Commentary

The Importance of Scientists Taking Technology Commercialization Classes


Smita MukherjeeAs a graduate student or a postdoctoral research associate we are so focused on getting the experiment done or writing a publication worthy research article that we often forget that there is always a possibility that our experiments can be used as preliminary data to set-up a company. Yes, the research that we are working on can be commercialized but, unfortunately, most of us in the academic world do not consider the commercialization aspect of our discoveries on a daily basis, if ever at all. However, the transfer of research and technologies from benchtop to bedside, i.e., from the laboratory space to the market space is not an easy process. It requires time, careful planning, finances, intellectual property protection, legal and business knowledge and, most importantly, an entrepreneurial and cohesive team to take an idea and make it into a marketable product. If all these requirements above appear daunting to you then I urge you to take a class in commercialization of basic research.

At this point you may ask that why do you need to take the time out from your busy schedule as a researcher and spend time in the classroom to learn things that you apparently do not need as a scientist. My answer to that is that the knowledge you gain from these classes will be useful both in an academic as well as in an industry setting. Currently, we are witnessing the emergence of an organizational ecosystem that promotes mutually beneficial relationships of private and public companies, university technology transfer offices, science parks, incubators, and industry-university research centers, which allows innovations at all stages of development to be fully accessed by interested parties. If you see yourself being part of this organizational ecosystem in the role of an inventor, entrepreneur, investor, licensing officer, company executive, etc., then you have to know the process of technology commercialization. You do not currently have to be working on a project that you think will be commercialized; however, you need to have the tools and training so that you can recognize potential inventions that could be commercialized in the near future. These classes will prepare you to take the necessary steps to properly plan and document your experiments, do invention disclosure to university technology transfer office, file patents, and understand the timing and implications of publications and presentations of your research with respect to patent filing. Moreover, these classes will give you an introduction to the process of licensing and partnering, and teach you about how to raise capital, cross regulatory hurdles, and manage business and legal aspects of technology commercialization. Even if you do not anticipate using these skills while you are a graduate student or a postdoc, nevertheless, these skills will be a life-long lesson and can be a key distinguishing factor for you, especially if you want to enter the pharmaceutical and biotechnology industry.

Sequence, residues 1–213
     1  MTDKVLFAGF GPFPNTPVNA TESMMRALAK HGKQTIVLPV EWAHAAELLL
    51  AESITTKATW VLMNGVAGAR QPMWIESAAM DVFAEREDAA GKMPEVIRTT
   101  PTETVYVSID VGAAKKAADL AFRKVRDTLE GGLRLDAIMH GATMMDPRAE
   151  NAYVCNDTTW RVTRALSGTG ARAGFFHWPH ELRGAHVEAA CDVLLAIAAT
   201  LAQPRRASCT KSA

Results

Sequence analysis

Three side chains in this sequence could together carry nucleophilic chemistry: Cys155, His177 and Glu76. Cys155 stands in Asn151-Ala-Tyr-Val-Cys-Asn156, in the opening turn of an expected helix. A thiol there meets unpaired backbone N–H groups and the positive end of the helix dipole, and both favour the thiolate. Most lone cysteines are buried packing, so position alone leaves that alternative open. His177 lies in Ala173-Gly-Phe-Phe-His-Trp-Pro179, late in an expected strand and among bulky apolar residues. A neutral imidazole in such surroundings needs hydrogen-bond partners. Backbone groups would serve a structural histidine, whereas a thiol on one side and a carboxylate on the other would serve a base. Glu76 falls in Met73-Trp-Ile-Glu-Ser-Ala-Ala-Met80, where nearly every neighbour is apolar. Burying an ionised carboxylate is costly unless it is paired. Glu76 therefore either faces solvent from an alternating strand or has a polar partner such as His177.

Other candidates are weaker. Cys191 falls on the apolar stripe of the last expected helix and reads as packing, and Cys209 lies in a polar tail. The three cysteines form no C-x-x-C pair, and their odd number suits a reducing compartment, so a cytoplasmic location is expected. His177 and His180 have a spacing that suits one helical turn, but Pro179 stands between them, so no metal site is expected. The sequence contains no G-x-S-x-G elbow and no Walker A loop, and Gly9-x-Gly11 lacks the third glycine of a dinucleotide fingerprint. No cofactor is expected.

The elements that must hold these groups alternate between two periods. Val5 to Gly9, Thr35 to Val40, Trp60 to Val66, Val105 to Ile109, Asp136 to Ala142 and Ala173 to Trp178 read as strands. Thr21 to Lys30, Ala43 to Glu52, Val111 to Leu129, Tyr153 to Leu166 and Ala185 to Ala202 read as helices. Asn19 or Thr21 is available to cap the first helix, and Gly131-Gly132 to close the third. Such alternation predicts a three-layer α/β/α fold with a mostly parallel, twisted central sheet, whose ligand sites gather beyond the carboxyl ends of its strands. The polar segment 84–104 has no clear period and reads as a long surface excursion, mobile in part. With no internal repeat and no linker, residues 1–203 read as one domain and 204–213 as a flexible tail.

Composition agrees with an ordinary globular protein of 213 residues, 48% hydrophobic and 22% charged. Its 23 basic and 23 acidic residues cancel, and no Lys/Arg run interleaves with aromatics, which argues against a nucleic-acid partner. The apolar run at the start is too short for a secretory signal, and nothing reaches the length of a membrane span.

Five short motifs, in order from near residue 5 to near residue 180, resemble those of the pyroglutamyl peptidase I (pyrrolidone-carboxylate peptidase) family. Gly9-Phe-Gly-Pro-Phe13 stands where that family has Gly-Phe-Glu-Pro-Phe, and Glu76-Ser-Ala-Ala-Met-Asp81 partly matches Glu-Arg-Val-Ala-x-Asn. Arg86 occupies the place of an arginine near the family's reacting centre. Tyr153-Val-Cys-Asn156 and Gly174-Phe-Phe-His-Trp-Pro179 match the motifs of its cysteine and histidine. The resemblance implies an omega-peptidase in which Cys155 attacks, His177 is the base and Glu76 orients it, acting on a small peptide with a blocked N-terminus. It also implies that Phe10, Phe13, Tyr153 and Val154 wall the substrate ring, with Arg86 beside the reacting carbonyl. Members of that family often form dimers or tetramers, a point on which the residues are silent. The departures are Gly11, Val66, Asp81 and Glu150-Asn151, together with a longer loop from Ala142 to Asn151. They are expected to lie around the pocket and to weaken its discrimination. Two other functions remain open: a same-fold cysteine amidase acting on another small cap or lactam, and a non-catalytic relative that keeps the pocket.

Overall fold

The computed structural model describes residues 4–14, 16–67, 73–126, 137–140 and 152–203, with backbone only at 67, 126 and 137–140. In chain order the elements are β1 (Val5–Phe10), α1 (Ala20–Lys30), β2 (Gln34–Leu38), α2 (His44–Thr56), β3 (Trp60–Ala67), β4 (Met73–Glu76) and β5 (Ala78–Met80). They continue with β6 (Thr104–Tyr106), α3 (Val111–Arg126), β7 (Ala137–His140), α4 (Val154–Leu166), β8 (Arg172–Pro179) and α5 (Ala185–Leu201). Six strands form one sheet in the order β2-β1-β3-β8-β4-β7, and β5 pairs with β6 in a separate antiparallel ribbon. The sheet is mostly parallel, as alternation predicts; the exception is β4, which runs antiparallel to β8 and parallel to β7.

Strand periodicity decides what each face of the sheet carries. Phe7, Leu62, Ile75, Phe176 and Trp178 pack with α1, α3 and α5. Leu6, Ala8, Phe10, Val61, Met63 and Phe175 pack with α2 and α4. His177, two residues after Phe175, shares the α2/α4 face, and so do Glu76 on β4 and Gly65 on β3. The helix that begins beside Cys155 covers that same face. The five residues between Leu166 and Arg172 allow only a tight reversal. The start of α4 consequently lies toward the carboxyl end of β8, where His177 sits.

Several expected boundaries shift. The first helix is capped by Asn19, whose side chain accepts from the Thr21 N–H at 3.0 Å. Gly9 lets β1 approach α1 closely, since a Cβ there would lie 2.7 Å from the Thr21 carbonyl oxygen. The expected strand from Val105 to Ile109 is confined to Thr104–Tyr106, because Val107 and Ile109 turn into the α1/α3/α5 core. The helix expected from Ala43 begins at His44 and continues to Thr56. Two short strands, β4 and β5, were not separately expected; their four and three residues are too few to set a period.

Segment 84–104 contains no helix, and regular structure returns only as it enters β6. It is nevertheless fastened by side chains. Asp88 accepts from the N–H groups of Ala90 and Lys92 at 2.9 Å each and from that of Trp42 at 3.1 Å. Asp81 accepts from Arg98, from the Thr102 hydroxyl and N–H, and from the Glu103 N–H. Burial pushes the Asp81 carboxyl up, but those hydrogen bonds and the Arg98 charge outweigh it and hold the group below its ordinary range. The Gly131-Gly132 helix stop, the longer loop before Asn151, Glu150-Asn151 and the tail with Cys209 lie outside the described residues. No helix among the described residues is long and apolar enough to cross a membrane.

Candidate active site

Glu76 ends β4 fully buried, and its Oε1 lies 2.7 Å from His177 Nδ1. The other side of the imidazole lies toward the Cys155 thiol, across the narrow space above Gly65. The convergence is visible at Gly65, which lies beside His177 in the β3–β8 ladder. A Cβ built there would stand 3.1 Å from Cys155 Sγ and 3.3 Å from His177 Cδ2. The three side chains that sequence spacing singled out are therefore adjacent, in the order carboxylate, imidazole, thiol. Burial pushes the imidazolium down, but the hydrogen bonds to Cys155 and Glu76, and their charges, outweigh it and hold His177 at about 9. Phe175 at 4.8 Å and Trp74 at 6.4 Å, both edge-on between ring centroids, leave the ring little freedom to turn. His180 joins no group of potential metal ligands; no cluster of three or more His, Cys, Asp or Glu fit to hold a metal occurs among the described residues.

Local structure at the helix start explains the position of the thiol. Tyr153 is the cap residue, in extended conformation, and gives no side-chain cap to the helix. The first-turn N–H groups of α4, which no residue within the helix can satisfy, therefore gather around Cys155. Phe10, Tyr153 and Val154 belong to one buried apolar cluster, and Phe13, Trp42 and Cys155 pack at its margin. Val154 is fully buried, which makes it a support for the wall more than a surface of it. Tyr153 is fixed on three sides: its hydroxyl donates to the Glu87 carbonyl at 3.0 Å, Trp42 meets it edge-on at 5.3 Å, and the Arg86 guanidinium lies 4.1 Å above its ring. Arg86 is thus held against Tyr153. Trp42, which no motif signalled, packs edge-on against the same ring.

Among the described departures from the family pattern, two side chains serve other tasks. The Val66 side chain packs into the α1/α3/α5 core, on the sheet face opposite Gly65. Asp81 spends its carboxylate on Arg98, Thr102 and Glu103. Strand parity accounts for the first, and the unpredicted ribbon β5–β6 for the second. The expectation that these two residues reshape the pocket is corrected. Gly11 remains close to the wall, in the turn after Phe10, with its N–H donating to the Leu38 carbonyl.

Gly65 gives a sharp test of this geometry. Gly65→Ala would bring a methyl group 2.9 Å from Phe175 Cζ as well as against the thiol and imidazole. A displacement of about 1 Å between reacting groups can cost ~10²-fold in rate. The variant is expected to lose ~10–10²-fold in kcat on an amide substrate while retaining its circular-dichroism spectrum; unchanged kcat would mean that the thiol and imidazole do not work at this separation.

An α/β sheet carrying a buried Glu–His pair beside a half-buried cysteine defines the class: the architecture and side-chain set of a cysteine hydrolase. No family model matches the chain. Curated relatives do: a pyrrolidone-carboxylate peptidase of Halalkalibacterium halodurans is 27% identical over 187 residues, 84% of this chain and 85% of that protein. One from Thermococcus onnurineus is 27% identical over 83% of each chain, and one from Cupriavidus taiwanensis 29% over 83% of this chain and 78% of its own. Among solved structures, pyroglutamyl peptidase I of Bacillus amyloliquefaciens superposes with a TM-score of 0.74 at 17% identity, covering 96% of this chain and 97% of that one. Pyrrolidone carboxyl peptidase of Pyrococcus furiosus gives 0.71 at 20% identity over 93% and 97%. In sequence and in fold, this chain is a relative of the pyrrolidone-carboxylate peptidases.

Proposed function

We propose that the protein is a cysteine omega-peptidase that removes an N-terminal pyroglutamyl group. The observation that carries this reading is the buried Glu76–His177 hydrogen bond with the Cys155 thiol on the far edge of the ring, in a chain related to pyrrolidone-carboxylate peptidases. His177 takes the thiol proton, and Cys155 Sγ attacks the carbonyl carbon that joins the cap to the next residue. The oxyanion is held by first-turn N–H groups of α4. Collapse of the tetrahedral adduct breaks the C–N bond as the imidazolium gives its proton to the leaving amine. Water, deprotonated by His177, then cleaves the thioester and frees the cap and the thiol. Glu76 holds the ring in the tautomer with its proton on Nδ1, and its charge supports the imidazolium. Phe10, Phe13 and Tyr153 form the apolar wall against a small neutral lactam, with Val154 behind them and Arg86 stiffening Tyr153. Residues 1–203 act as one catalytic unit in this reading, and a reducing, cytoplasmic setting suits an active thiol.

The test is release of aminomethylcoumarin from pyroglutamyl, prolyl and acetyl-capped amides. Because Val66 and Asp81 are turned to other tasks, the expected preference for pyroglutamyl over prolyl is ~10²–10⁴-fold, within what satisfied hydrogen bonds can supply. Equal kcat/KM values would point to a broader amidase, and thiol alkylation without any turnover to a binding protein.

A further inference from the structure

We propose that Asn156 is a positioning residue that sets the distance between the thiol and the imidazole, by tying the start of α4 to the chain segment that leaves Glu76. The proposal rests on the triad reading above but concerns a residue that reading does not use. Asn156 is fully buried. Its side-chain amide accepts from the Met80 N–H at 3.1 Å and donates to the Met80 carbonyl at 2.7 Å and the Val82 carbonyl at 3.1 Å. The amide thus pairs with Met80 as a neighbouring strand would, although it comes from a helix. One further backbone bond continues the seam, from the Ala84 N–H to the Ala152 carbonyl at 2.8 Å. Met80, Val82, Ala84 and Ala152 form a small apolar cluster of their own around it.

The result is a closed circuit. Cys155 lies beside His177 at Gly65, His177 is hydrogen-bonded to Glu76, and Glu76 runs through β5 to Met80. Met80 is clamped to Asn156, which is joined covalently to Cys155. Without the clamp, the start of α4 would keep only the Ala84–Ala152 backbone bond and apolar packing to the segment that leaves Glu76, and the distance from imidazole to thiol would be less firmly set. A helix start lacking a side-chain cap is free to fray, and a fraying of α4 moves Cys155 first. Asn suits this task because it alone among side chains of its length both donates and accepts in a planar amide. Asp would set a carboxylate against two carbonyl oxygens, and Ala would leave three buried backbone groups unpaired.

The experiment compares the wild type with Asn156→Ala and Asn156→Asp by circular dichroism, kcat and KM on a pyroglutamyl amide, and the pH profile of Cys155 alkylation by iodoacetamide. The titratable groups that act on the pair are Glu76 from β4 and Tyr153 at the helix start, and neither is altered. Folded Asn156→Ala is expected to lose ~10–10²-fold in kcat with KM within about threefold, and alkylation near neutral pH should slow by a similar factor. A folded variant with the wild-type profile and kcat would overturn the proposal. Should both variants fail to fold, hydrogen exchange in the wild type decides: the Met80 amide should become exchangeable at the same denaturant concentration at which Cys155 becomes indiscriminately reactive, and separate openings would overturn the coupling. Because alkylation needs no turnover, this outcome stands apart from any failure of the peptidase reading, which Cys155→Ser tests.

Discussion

The next question you may have is to where to take these courses and how to finance them. First check with the technology transfer office at your academic institution to see if they offer such a program or can recommend a local university that offers it. If it does not exist, you may be able to request the office to start one, and you can help them with recruiting the first batch of students by speaking about its importance to your friends and colleagues. You can also offer to volunteer/intern at the office to gain practical knowledge and understand the challenges of transforming an invention to a commercial product. I personally took the certification course offered by The Office of Technology Management/Office of Enterprise Development at University of Pittsburgh and was able to secure full scholarship from the university to attend these courses. If your department/institution does not offer any scholarship then there are many local and national level scholarships that are awarded for career advancement and you can plan ahead and apply for them in order to finance your classes. However, you can also look into the possibility of personally financing these classes because the certification courses are significantly less expensive than the usual classes for credits offered by colleges and universities. Consider this as an investment in your future.